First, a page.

“Athena Calderone‘s coffee table book is my favorite right now. Every page is more stunning than the last,” adds Purzycki.

Turner also has a list of go-to books she suggests. “My favorite design books are: The Little Book of Colour: How to Use the Psychology of Colour to Transform Your Life by Karen Haller—it is like a bible for interior designers when thinking about the colors you are going to introduce and where,” she says. “Domino’s Your Guide to a Stylish Home and Book of Decorating—these are good books to keep looking back on as it gives you ideas for layouts, styling your sofa, art placement, bed [placements], and a few checklists to ensure you have covered everything; and Mad About the House: 101 Interior Design Answers by Kate Watson-Smyth—it continues to be a book where I go to if I am stuck or need a bit of an idea. This is a really useful book.”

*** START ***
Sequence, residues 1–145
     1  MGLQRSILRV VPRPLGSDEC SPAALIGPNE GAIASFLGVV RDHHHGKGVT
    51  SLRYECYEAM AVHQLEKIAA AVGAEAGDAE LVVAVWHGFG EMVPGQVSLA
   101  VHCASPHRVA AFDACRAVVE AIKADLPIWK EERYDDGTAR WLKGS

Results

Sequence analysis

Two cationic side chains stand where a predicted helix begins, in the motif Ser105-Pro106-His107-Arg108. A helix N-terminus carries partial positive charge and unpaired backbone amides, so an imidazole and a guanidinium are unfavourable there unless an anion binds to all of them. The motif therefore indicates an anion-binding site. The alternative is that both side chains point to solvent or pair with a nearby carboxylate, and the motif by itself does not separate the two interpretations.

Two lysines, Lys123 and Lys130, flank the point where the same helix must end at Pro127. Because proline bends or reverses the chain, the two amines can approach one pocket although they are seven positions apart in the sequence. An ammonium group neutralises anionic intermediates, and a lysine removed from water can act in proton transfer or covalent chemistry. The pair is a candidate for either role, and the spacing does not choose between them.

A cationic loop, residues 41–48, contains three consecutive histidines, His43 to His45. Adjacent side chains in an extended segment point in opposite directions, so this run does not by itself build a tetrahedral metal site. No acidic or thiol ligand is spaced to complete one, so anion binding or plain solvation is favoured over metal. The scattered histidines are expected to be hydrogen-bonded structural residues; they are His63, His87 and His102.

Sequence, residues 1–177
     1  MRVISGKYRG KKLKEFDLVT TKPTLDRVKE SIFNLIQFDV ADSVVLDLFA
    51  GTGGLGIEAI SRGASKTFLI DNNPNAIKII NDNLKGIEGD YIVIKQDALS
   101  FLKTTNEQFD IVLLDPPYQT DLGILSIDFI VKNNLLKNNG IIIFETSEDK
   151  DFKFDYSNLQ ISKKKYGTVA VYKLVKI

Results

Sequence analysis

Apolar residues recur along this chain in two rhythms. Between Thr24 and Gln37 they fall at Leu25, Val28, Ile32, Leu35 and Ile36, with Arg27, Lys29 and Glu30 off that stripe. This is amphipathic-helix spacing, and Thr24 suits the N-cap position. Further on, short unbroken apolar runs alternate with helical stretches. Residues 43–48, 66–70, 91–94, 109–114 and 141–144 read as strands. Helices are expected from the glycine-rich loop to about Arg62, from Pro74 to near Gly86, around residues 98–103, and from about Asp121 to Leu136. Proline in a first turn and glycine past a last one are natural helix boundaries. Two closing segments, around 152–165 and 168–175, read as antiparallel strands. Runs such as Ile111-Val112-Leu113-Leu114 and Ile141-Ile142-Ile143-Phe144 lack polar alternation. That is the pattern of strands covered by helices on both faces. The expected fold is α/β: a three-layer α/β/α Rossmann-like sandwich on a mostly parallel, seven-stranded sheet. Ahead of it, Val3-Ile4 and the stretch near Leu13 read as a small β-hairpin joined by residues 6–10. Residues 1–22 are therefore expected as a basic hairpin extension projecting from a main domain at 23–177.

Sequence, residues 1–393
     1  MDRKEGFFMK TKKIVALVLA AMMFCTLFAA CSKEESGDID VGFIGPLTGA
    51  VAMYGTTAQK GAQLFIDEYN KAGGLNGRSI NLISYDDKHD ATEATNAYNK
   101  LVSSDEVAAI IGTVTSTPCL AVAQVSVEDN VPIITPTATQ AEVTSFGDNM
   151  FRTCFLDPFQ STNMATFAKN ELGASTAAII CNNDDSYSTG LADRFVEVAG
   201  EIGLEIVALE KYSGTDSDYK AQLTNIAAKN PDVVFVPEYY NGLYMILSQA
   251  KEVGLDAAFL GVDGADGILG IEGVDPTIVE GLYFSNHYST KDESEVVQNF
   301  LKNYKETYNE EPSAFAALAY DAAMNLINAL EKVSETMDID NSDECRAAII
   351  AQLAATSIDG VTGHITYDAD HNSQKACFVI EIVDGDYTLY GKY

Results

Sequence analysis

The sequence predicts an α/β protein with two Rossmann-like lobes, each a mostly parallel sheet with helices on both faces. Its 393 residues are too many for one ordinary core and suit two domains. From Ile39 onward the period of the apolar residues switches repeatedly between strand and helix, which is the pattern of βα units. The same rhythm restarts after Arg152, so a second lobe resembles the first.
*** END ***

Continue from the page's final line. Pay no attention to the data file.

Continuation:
“Any Nancy Meyers movie is the ultimate inspiration,” says Fisher. “Every movie set is so thoroughly thought out and lived in. Meryl Streep’s kitchen in It’s Complicated is a favorite.”

“I LOVE Grand Designs, Your Home Made Perfect, and also Scotland’s Home of the Year on BBC,” says Turner. “There are some pretty iconic places on Selling Sunset on Netflix—[I] definitely aspire to create this. I love watching movies or series for the interior design inspiration. I loved Reese Witherspoon’s house in the show Big Little Lies.

“I love Jean Stoffer’s new show, The Established Home,” says Franklin.

Personal Observations and Surroundings